It’s always hard to talk about music and describe a song. But it was one of the first four songs that we worked on with Davey, and I think it’s a great way to introduce the band to the world. I can’t be more excited about it – and the fact that the single is finally being released is pretty awesome and epic.
You did an excellent job of keeping the band’s existence a secret.
Yeah! The beautiful thing is that for the first year or year and a half, it was just the four of us working on music. Other than, like, our significant others, who obviously knew where we were going to, nobody knew that we were doing this project. We were doing it kind of in secrecy, because we didn’t know what it was going to become; we were working on music just to work on music. It’s almost like you don’t want to talk about it – you just want to do it, and see if something is going to come of it. So there was a beauty to that, because we really haven’t experienced something like that for such a long time.
Did doing it on the down-low allow you more creative freedom?
Oh, yeah. We weren’t bouncing the ideas off of managers, record companies, anybody. You’re doing it only because you want to get in the same room and make music together. There’s something so pure and exciting about that, and you can lose that when you’ve been doing it for a long time – when there’s lots of people involved, it can sometimes become a machine. This way, it allowed us to work in a completely pressure-free environment. You’re just making music, being experimental, and seeing what’s going to happen. I highly recommend it! [Laughs]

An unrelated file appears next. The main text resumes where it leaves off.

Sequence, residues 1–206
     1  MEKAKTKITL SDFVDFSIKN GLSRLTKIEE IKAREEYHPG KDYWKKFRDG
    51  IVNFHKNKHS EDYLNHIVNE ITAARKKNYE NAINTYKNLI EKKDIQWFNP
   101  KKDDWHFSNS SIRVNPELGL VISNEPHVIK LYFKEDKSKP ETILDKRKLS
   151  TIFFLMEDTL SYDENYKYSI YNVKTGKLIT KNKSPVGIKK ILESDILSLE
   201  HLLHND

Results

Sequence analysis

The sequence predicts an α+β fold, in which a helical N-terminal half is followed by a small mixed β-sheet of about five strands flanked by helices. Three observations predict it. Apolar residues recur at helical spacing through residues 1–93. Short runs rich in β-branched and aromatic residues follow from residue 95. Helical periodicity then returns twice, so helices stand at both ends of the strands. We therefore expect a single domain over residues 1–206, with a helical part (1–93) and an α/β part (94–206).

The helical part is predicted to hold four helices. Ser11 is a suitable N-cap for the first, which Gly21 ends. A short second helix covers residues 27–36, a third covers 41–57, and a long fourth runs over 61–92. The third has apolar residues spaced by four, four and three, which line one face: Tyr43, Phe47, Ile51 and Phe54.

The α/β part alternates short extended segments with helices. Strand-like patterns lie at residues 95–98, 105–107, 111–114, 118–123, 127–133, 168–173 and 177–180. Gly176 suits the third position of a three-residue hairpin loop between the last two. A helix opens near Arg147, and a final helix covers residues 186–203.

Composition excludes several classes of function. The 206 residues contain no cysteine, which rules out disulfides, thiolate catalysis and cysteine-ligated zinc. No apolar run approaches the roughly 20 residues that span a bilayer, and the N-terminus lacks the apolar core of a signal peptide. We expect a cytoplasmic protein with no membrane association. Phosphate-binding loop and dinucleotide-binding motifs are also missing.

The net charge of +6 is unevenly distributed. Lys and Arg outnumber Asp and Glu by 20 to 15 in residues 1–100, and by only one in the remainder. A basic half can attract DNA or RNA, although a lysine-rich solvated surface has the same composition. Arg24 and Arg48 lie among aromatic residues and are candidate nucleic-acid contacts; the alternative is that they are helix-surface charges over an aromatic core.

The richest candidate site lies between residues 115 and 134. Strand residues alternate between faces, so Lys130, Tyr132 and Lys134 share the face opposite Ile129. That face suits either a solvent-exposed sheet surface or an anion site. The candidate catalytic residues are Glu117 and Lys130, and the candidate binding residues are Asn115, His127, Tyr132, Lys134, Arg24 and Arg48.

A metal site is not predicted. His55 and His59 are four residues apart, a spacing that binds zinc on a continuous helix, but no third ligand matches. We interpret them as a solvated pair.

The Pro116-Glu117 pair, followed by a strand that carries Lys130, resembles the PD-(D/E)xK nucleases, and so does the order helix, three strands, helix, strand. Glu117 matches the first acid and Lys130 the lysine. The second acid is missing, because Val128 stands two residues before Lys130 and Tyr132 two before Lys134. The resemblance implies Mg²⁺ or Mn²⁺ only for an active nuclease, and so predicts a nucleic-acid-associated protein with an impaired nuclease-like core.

It’s such a great thing, because it just reminds you of what you were doing when you first started. That’s what you did – you made music! And [with No Doubt] we were lucky enough to capture a moment, and people related to it, and things happened. But that’s really what it’s about: creating something that comes from within, and hoping that people connect with it, as well.
So, even though three-fourths of the band are from No Doubt, this isn’t meant to be a reboot of No Doubt in any way, shape or form?
Oh, no. To be abundantly clear, No Doubt is four people, and that could never be recreated or replicated. This is a completely different project, and we would never, ever characterize it as anything to do with No Doubt.
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What does the future hold for No Doubt?
I think it’s the kind of situation where you go through different phases. Right now Gwen’s focusing on her solo stuff, and we’re focusing on Dreamcar. No Doubt will always be there; we’ve experienced things together that no one else will ever experience with us. It’s a family that will always be there, and the music we’ve created will always be there. We’re just going through a period where everybody’s kind of doing their thing.
Will you be taking Dreamcar on the road?
Yes, absolutely! We’re doing Coachella, and we’re going to do a bunch of warm-up shows prior to Coachella, which I’m really excited about. We’re going to do a bunch of small club shows on the West Coast, and then we’ll be playing some East Coast shows soon. Tom, Adrian and I, we haven’t done club shows in years, so that’s another exciting component of this. We’re getting together this week in Adrian’s basement to just start getting our chops together, which is awesome. It’s part of that whole no-pressure thing I was telling you about – just jamming in his basement, which is frickin’ so much fun!
Dreamcar Tour Dates
April 5 – Santa Ana, CA @ Constellation Room at the Observatory
April 9 – San Francisco, CA @ Great American Music Hall
April 11 – Los Angeles, CA @ Roxy Theatre
April 15 – Indio, CA @ Coachella Valley Music and Arts Festival
April 19 – San Diego, CA @ Music Box
April 20 – Phoenix, AZ @ Crescent Ballroom
April 22 – Indio, CA @ Coachella Valley Music and Arts Festival